Literature Review on Residues of Anticoagulant Rodenticides in Non-Target Animals

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Anticoagulant rodenticides are the principal means of controlling pest rodents in the Nordic countries. Due to the intrinsic properties of second generation anticoagulants, i.e. extremely slow elimination from the body and high toxicity, they are prone to accumulate in the non-target species which consume poisoned rodents. Despite wide use there are no published studies on occurrence of residues of anticoagulant rodenticides in the non-target animals in the Nordic countries. This review of publicly available studies was aimed to find out which anticoagulant substances are found and in which species. The concentrations are reported as well as the proportion of exposed animals. We have further compiled a list of species that could potentially be exposed to anticoagulant rodenticides in the Nordic countries. The review shows that anticoagulant residues have been found everywhere they have been measured and secondary exposure to second generation anticoagulants is common among certain avian and mammalian predators. The results call for initiation of measurements of anticoagulant rodenticides also in the Nordic countries.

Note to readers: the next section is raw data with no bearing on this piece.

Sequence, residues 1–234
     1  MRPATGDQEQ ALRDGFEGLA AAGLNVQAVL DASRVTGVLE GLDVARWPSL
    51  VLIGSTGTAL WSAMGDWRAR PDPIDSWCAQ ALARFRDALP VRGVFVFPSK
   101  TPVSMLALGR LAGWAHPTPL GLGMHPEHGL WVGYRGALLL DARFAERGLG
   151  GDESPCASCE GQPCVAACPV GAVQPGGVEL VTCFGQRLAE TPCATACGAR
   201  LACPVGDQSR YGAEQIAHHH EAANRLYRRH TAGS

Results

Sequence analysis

Second generation anticoagulant rodenticides

First generation anticoagulants were introduced as rodenticides in the late 1940's. The appearance of resistance to warfarin and other first generation substances led to the development of more potent, second generation anticoagulants (IPCS Environmental Health Criteria 175, Anticoagulant Rodenticides). The first generation anticoagulants, e.g. warfarin, sodium warfarin, chlorophacinone and coumatetralyl, are effective first after several repeated ingestions. The newer, second generation anticoagulants bromadiolone, brodifacoum, difenacoum, difethialone and flocoumafen may cause an effect already after a single ingestion and are toxic at a much lower dose than the first generation anticoagulants (Berny 2007).


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